Though I used to see the Eszterházy Rostélyos recipe in Hungarian cookbooks, I never actually had the pleasure to see what this famous Hungarian dish should even look like, never mind taste! The years following the last war were fraught with chronic shortages of an odd assortment of amenities in Hungary. Back in 1984, in one corner of my mother’s kitchen, there was a tower of toilet paper almost reaching to the high ceiling and then one day I caught her bringing home some more. "What's with all the toilet paper?" I asked. "Sometimes we cannot get them" came the reply. By the end of our stay the stack was reduced to almost nothing and at one point it left the kitchen altogether. These were the good days already; I grew up with newspaper cuttings… well… yes I did. What this has to do with the famous Hungarian rostélyos? Well quite a bit actually. One of the things we could NEVER get in communist Hungary was palatable beef; all the markets had was defrosted beef from ancient milk cows following the completion of their long and purposeful lives. All good beef went east - to Soviet-land.

I noticed people making two distinct mistakes with Eszterházy Rostélyos, one is undercooking the meat and/or overcooking the vegetables. It appears that after years of beef deprivation Hungarians no longer know how to prepare their dish. All the pictures on the Internet look like someone has regurgitated something. Of course English speaking cooking sites are no better, they pass the rostélyos off as some half-bloody steak with shiny brown gravy. I doubt it that Count Eszterházy intended his famous dish that way either. In Hungarian, rostélyos refers to a particular cut of beef, the rib eye, which is the tenderest part. It translates into English as steak but it does not bring along with it the method of steak preparation. If it did, it would have been called hirtelen sült or hirtelen sült rostélyos. Therefore, Eszterházy Steak is a slow simmered meat dish, but that doesn't mean cooking the vegetables beyond recognition.

I made a trial run following a recipe from my oldest Hungarian cookbooks and I found that the complexity of flavours amazing! I agree, it could be linked to the “vadas”, but it is most definitely not vadas, it is far more than that. The recipe is in two parts. First cook the meat and the ragout. After that cook the vegetables. Arrange everything on a platter. Very good. 

2 rib eye steaks
salt and pepper to taste
3 Tbsp olive oil
1/2 cup diced onion
1 parsnip
1/4 celery root
2 sprigs of fresh parsley [or 1 Tbsp dried]
1/8 cup flour
3 cups chicken stock
1 bay leaf
2 half inch strips of lemon rind

1/8 cup butter
1 Tbsp extra virgin olive oil
1/4 onion, sliced
2 carrots
2 parsnips
1/2 celery root
2 sprigs of fresh parsley [or 1 Tbsp dried]
1/2 cup chicken stock
1 tsp. capers
1/2 tsp mustard
2 Tbsp fresh squeezed lemon juice
1/4 cup white wine
1 cup sour cream
salt and pepper to taste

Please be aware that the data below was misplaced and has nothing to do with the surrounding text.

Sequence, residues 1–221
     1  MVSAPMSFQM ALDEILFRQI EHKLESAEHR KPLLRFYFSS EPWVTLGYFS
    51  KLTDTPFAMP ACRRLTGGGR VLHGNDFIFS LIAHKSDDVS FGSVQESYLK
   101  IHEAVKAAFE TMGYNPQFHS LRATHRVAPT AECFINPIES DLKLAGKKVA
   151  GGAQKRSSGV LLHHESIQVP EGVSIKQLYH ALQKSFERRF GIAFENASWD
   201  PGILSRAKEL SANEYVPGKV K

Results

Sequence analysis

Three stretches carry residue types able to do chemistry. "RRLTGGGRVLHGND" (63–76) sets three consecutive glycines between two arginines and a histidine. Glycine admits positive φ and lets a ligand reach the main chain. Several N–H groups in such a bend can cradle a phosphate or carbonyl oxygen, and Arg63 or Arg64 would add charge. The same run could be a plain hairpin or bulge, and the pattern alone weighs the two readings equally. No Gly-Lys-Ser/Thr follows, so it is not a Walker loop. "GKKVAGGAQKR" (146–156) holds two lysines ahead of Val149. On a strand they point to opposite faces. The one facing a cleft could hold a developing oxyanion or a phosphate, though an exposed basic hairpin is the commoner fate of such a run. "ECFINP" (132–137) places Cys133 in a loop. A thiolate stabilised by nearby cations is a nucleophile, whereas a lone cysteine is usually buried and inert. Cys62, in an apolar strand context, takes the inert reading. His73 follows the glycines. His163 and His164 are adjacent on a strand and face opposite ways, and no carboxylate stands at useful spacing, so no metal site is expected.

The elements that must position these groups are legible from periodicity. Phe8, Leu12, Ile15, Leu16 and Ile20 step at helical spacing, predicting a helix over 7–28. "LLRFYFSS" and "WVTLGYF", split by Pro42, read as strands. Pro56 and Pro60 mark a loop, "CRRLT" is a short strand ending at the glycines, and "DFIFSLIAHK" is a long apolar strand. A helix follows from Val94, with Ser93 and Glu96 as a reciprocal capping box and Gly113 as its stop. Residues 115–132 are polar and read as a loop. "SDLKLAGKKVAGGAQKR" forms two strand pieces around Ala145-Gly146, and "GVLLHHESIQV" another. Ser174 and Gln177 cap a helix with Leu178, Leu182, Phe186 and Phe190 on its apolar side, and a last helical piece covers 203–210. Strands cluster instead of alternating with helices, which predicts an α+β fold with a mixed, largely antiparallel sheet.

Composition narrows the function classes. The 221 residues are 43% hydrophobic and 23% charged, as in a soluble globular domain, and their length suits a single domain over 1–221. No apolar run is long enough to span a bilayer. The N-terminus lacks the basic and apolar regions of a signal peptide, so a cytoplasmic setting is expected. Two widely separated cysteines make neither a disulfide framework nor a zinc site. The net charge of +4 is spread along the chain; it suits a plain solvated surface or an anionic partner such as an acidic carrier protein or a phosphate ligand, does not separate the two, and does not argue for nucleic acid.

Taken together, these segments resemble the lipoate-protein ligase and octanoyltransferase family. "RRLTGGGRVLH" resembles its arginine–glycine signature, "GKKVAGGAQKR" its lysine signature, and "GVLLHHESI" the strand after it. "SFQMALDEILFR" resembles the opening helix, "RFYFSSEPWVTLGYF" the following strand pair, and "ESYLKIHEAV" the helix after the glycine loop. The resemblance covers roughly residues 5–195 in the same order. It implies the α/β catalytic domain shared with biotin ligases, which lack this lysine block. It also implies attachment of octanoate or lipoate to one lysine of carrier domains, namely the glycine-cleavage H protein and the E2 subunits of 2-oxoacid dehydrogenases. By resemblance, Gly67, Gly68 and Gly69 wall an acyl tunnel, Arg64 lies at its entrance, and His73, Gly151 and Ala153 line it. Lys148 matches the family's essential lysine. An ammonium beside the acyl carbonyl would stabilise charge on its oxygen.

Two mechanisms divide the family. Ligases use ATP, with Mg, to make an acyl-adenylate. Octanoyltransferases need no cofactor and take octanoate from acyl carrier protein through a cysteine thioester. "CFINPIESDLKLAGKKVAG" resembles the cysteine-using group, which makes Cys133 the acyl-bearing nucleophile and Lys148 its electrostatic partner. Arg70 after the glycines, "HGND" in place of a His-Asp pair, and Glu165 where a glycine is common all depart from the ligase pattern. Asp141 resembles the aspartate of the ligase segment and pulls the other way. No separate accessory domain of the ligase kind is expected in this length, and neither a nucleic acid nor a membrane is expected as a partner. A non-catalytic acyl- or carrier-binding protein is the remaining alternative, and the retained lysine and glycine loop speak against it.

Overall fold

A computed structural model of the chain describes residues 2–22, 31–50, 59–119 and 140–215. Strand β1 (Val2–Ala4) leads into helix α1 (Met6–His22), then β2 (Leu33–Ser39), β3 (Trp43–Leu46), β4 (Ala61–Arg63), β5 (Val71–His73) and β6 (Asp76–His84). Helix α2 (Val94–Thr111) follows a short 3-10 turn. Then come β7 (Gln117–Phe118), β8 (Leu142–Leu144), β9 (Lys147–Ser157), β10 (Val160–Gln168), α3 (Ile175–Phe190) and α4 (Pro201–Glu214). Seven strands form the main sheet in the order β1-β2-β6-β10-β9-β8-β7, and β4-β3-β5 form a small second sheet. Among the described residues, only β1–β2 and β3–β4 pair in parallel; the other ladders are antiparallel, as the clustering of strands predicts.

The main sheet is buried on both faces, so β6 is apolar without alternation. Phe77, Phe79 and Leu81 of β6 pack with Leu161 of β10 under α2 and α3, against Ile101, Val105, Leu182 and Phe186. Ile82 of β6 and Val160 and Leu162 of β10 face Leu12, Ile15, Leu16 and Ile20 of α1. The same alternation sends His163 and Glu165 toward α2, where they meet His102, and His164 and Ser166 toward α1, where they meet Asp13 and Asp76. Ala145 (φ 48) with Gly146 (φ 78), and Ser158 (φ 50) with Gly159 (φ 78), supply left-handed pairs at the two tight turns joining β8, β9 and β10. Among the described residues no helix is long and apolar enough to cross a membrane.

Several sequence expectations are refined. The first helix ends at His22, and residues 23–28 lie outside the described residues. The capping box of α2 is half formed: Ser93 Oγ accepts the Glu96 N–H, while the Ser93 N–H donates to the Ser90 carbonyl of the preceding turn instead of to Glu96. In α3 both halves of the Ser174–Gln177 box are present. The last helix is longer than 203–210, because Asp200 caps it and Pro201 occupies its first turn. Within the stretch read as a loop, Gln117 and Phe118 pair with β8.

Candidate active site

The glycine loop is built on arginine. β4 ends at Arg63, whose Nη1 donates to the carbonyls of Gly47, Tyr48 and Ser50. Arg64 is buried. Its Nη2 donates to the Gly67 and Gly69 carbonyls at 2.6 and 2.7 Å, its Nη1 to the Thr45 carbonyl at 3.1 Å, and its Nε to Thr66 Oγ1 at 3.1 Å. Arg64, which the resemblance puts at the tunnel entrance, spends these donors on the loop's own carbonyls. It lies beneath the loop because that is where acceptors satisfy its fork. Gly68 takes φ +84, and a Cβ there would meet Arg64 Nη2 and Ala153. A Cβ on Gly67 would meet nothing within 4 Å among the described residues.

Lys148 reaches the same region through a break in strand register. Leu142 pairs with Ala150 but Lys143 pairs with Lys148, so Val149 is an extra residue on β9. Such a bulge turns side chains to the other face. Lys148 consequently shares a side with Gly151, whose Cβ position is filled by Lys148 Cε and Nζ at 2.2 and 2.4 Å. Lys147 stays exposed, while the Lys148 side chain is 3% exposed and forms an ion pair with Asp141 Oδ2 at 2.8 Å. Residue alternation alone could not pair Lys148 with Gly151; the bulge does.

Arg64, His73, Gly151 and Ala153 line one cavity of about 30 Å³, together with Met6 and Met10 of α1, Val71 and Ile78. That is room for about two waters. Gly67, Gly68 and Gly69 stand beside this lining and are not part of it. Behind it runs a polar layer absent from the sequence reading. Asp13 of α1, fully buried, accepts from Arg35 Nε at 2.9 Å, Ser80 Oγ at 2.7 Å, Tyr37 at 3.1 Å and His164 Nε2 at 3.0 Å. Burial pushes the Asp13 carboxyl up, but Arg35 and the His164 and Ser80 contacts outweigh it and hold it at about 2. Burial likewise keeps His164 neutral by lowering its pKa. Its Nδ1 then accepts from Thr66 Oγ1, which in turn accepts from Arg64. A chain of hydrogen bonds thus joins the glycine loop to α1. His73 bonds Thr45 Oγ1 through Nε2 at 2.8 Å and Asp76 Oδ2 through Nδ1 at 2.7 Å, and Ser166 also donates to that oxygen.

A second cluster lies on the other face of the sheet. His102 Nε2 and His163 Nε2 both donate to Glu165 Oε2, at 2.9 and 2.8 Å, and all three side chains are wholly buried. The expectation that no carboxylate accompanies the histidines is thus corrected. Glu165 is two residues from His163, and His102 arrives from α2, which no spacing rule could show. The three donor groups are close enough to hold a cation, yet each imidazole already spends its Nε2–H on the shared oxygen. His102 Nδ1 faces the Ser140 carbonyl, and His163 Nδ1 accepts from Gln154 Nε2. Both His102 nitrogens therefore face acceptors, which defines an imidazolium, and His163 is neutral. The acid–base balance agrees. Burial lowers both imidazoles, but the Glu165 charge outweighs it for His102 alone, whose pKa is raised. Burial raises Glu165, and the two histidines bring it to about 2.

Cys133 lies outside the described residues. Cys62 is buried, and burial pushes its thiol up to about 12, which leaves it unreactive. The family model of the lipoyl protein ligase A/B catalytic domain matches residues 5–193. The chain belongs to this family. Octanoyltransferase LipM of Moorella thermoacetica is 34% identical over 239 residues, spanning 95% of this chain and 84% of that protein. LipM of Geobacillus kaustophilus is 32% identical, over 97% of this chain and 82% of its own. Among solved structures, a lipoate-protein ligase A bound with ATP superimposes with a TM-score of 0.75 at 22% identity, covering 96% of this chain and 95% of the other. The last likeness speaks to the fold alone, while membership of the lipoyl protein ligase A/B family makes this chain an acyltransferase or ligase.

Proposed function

• Slice the two steaks in half horizontally.
• Pound them thin with a meat tenderizer.
• Sprinkle with salt and pepper to taste.
• Place 3 Tbsp oil in a deep large non-stick fry pan and quickly brown the meat on both sides. Add more oil if needed.
• Transfer the meat onto a platter and set aside.
• Dice 1/2 cup onion, 1 carrot, 1 parsnip 1/4 celery root, and chop up 2 sprigs of parley.
• Add 1 Tbsp oil to the same fry pan and add the chopped vegetables.
• On very low heat fry up the vegetables, letting them caramelize a little.
• Sprinkle 1/8 cup flour on the top and stir.
• Add 3 cups of chicken stock and place the steaks inside the ragout.
• Add the bay leaf and the two strips of lemon rind.
• Bring to the boil, cover and sauté on low heat until meat is very tender.
• Meanwhile start cooking the vegetables.
• Slice thinly 1/4 of an onion.
• Peel 2 carrots, 2 parsnips and half a celery root and cut them into matchstick slices.
• In a clean non-stick fry pan, melt 1/8 cup of butter.
• Add 1 Tbsp olive oil so the butter will not burn.
• Add the onion and the matchstick vegetables.
• Add 2 sprigs of fresh parsley, 1 tsp of capers and 1/2 cup of chicken stock.
• Bring it to boil, cover and reduce heat to slow simmer.
• Cook the vegetables until tender, but not mushy. Remove from heat and set aside.
• When the steaks are tender, remove them from the ragout and set them aside.
• Place the ragout in food processor or a blender and process until smooth. [In the original recipe the ragout was put through a sieve and the vegetables were discarded.]
• Pour the ragout over the vegetables and gently stir to combine.
• Stir in the mustard and the freshly squeezed lemon juice.
• In a small bowl whisk together the white wine and the sour cream.
• Add the wine and sour cream mixture to the vegetables and gently stir to combine.
• Add the steaks and slowly bring the dish to slow simmer.
• Adjust the salt and the pepper.
• Place the steaks on a platter and spoon over the sauce and the vegetables.
• Serve with buttered noodles.

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It began with posting a few recipes on line for my family. "zsuzsa is in the kitchen" has more than 1000 Hungarian and International recipes. What started out as a private project turned into a well visited blog. The number of visitors long passed the two million mark. I organized my recipes into an on-line cookbook. On top of the page click on the cookbook to access the recipes. I am not profiting from my blog, so my visitors will not be harassed with advertising or flashy gadgets. Feel free to cut and paste my recipes for your own use. Publication is permitted as long as it is in your own words and with your own photographs. However, I would ask you for an acknowledgement and link-back to my blog. Happy cooking!